Today's Daily Tip
Soak It Up
Increase your exposure to morning light and you may slow the onset of common aging-related illnesses such as insomnia, cognitive slowdown, and depression, according to a growing body of research. When your eyes take in bright light, especially the blue-spectrum light found in sunlight, nerve cells in the retina send messages to the brain's internal clock. This helps set your body's circadian rhythm, the synching of physiological processes with the 24-hour solar cycle. Among other things, the circadian rhythm governs the timing of the brain's release of cortisol and other hormones that keep you alert during the day, as well as melatonin, which puts you to sleep at night.
As you age, the pupils of your eyes narrow and the lenses yellow, and your eyes take in less blue-spectrum light (half as much at 45 as at 10 years old). These changes can throw off your circadian rhythm—affecting sleep quality, alertness, and mood—and may also increase risk for insulin resistance, heart disease, and cancer, since the circadian rhythm affects key hormonal processes in the body.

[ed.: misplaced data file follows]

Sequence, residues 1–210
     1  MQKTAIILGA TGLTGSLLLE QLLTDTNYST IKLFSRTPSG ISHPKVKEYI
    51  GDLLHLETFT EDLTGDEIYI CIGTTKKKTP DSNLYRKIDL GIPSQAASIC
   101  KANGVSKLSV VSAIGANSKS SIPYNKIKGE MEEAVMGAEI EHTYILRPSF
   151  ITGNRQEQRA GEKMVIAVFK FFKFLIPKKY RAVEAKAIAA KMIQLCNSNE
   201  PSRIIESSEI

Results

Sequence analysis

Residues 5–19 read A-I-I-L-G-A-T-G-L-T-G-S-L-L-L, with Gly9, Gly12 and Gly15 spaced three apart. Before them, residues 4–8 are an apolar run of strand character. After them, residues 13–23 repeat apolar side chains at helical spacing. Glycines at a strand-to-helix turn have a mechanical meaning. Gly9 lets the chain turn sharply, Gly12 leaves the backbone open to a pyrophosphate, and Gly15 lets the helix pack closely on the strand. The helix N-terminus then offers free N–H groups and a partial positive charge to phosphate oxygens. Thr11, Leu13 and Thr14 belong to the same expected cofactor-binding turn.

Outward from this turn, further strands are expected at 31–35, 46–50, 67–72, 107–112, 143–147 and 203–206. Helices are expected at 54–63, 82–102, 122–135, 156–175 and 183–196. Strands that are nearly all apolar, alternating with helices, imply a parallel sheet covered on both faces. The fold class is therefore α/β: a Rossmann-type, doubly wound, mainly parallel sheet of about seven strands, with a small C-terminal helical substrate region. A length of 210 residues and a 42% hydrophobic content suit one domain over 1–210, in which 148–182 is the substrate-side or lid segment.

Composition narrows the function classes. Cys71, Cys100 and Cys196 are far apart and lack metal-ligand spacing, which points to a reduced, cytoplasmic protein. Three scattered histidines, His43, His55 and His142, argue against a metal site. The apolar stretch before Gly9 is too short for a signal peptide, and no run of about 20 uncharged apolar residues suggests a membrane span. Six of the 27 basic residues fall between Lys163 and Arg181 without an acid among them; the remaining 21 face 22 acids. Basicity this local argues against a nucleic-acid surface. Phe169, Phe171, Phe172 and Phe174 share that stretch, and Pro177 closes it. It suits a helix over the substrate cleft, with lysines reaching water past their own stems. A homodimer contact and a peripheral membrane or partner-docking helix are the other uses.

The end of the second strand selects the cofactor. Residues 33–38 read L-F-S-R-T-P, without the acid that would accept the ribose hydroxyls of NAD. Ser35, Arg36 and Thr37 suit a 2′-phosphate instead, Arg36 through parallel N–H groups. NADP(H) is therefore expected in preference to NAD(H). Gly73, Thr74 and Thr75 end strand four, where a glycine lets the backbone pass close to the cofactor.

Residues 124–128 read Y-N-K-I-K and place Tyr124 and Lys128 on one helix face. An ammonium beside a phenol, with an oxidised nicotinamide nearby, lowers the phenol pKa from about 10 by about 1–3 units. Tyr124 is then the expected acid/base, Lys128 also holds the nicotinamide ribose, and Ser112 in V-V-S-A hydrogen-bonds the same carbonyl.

Luckily, boosting your exposure to blue light is as easy as going outside without sunglasses, says Patricia Turner, co- author of several studies on light and the aging of the eyes. She recommends at least 20 minutes in the sun early in the day: "Daylight is bluest in the morning, so it's the optimal time to set your body's clock."
Note: Sunlight has lovely, healing qualities, but always remember to apply sunscreen to protect against dangerous rays. Learn more in Sun Safely.
Herbal Rx: Plant Medicine
Grow your own herbs and healing plants and have them on hand to soothe minor health complaints. The following plants thrive in containers on a windowsill or balcony.
Brain Health: Water Works
After your lunchtime yoga class, be sure to have a good long drink before returning to your desk. A new study conducted at the University of Connecticut found that women who became dehydrated after exercise suffered from poorer concentration than those who replenished their fluids.